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A cartel is a group of apparently independent producers whose goal is to increase their collective profits by means of price fixing, limiting supply, or other restrictive practices. Cartels typically control selling prices, but some are organized to force down the prices of purchased inputs. Antitrust laws attempt to deter or forbid cartels. A single entity that holds a monopoly by this definition cannot be a cartel, though it may be guilty of abusing said monopoly in other ways. Cartels usually arise in oligopolies--industries with a small number of sellers--and usually involve homogeneous products.
In general, cartels can be divided into domestic and international agreements. Export cartels constitute a special case of international cartels. Unlike other cartels, export cartels are legal in virtually all jurisdictions, despite their harmful effects on affected markets.
People of the same trade seldom meet together, even for merriment and diversion, but the conversation ends in a conspiracy against the public, or in some contrivance to raise prices.
A survey of hundreds of published economic studies and legal decisions of antitrust authorities found that the median price increase achieved by cartels in the last 200 years is about 23 percent. Private international cartels (those with participants from two or more nations) had an average price increase of 28 percent, whereas domestic cartels averaged 18 percent. Less than 10 percent of all cartels in the sample failed to raise market prices.
In general, cartel agreements are economically unstable in that there is an incentive for members to cheat by selling at below the agreed price or selling more than the production quotas set by the cartel (see also game theory). This has caused many cartels that attempt to set product prices to be unsuccessful in the long term. Empirical studies of 20th-century cartels have determined that the mean duration of discovered cartels is from 5 to 8 years. However, once a cartel is broken, the incentives to form the cartel return and the cartel may be re-formed. Publicly known cartels that do not follow this cycle include, by some accounts, the Organization of the Petroleum Exporting Countries (OPEC).
Price fixing is often practiced internationally. When the agreement to control price is sanctioned by a multilateral treaty or protected by national sovereignty, no antitrust actions may be initiated. Examples of such price fixing include oil, whose price is partly controlled by the supply by OPEC countries, and international airline tickets, which have prices fixed by agreement with the IATA, a practice for which there is a specific exception in antitrust law.
Prior to World War II (except in the United States), members of cartels could sign contracts that were enforceable in courts of law. There were even instances where cartels are encouraged by states. For example, during the period before 1945, cartels were tolerated in Europe and were promoted as a business practice in German-speaking countries. This was the norm due to the accepted benefits, which even the U.S. Supreme court has noted. In the case, the U.S. v. National Lead Co. et al., it cited the testimony of individuals, who cited that a cartel, in its protean form, is "a combination of producers for the purpose of regulating production and, frequently, prices, and an association by agreement of companies or sections of companies having common interests so as to prevent extreme or unfair competition."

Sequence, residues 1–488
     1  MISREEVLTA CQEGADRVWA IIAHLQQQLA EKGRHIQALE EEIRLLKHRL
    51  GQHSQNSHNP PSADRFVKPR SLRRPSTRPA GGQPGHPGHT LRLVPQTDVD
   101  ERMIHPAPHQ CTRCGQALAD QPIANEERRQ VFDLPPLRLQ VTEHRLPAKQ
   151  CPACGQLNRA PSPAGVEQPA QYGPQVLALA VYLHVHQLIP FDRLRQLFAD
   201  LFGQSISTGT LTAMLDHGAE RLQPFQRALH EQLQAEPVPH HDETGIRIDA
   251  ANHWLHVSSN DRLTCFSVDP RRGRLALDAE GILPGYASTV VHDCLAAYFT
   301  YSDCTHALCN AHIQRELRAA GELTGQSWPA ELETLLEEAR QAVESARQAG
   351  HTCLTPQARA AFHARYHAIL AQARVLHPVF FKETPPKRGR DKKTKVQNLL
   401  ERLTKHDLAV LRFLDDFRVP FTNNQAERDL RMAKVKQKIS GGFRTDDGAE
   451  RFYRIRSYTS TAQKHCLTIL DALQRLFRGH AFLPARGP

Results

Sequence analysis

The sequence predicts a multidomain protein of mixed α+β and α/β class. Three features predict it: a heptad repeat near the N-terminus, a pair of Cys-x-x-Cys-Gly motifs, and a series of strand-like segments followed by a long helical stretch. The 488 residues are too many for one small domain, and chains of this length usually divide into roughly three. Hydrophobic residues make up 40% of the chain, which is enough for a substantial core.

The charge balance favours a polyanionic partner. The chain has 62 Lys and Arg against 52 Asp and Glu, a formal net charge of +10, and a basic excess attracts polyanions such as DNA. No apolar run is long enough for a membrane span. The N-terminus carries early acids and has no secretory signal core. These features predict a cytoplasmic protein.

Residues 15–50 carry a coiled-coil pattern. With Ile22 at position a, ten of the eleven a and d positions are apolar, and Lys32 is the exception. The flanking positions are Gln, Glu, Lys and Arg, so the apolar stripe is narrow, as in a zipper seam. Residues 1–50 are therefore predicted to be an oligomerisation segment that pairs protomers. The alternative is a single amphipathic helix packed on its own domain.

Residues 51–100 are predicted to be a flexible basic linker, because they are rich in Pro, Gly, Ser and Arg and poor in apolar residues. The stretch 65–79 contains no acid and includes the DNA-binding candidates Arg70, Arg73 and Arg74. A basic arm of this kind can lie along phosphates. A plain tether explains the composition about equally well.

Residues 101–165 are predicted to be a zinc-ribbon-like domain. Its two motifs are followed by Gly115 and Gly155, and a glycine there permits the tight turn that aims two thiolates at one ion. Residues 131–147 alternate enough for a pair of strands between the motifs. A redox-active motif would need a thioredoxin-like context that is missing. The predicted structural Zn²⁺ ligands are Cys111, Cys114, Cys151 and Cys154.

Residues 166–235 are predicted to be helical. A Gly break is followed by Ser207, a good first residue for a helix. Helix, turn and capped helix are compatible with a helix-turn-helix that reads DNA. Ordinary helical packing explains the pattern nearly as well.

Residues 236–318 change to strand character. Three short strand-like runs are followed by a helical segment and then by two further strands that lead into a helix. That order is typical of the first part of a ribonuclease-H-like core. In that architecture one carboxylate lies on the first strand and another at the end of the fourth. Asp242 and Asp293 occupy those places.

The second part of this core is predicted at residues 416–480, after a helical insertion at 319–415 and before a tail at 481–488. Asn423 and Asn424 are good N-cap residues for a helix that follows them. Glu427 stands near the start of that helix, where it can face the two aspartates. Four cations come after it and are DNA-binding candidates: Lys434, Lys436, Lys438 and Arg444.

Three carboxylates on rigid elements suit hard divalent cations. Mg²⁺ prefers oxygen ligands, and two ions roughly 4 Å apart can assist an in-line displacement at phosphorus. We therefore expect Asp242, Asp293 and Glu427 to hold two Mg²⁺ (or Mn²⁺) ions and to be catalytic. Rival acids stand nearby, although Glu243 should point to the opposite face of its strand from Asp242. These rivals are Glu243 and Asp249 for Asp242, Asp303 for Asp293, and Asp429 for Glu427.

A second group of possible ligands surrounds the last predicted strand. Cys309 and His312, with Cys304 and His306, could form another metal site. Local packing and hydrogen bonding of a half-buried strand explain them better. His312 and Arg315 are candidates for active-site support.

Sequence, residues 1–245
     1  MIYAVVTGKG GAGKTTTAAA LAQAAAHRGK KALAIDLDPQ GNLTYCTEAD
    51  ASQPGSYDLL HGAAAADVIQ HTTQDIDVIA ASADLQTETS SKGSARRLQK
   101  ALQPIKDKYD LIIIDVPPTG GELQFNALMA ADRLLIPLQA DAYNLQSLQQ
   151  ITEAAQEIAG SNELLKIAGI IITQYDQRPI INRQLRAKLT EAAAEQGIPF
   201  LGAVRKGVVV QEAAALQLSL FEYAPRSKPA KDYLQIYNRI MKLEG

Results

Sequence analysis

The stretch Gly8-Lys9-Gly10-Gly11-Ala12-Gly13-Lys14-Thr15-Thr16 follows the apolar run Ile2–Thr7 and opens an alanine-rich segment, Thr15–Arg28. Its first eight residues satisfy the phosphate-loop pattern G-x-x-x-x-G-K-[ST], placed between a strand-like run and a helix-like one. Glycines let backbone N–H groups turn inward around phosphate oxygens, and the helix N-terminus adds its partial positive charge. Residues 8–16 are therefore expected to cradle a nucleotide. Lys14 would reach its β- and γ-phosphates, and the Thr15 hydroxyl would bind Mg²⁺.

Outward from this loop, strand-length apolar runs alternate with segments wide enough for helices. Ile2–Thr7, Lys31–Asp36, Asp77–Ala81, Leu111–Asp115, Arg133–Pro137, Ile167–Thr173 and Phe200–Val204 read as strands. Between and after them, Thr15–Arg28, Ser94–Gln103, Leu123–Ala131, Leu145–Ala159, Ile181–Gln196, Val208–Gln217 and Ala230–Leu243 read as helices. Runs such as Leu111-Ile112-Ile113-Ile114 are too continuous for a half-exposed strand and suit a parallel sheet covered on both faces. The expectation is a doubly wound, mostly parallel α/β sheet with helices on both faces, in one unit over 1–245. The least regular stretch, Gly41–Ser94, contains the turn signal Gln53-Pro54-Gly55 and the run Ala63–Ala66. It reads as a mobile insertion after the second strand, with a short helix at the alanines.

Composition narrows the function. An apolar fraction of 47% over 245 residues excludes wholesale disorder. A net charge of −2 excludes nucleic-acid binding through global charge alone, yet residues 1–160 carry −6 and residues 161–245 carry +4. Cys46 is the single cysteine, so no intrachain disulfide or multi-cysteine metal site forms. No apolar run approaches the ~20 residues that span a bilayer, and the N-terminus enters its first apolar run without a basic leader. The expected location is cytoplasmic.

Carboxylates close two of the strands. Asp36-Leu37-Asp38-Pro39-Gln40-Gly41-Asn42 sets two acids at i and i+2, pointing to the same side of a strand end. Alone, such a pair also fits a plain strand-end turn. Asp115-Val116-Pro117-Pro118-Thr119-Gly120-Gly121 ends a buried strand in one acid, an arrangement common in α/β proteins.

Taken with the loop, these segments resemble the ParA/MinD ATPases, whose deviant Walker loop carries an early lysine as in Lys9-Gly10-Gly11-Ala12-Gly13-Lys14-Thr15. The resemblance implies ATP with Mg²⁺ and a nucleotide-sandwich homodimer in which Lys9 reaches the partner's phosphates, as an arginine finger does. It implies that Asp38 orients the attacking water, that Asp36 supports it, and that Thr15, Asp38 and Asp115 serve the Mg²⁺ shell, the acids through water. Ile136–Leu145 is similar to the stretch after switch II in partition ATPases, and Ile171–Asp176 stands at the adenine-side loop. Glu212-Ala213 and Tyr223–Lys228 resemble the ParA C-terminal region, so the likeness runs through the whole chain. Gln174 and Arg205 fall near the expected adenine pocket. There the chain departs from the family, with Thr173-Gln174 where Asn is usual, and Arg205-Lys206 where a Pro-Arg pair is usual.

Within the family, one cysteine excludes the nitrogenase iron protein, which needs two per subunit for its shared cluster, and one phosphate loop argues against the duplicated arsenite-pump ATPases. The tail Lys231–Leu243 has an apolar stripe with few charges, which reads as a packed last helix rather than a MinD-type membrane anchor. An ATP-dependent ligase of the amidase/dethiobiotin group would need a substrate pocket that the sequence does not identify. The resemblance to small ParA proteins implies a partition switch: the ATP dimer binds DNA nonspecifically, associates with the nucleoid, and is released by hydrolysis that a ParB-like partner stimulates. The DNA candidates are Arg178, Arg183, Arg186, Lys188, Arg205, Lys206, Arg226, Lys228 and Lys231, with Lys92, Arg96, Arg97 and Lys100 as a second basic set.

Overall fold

Today, however, price fixing by private entities is illegal under the antitrust laws of more than 140 countries. Examples of prosecuted international cartels are lysine, citric acid, graphite electrodes, and bulk vitamins. This is highlighted in countries with market economies wherein price-fixing and the concept of cartels are considered inimical to free and fair competition, which is considered the backbone of political democracy. The current condition makes it increasingly difficult for cartels to maintain sustainable operations. Even if international cartels might be out of reach for the regulatory authorities, they will still have to contend with the fact that their activities in domestic markets will be affected.
OPEC: As its name suggests, OPEC is organized by sovereign states. The traditional view holds that it cannot be held to antitrust enforcement in other jurisdictions by virtue of the doctrine of state immunity under public international law. OPEC serves as an example of state entanglement in anticompetitive conduct.
Many trade associations, especially in industries dominated by only a few major companies, have been accused of being fronts for cartels or facilitating secret meetings among cartel members. A notable historical example is the now defunct Swiss Cheese Union, which discouraged competition throughout the dairy industry in 20th century Switzerland.
Although cartels are usually thought of as a group of corporations, the free-market economist Charles W. Baird considers trade unions to be cartels, as they seek to raise the price of labor (wages) by preventing competition. For example, negotiated cartelism is a labor arrangement in which labor prices are held above the market clearing level through union leverage over employers.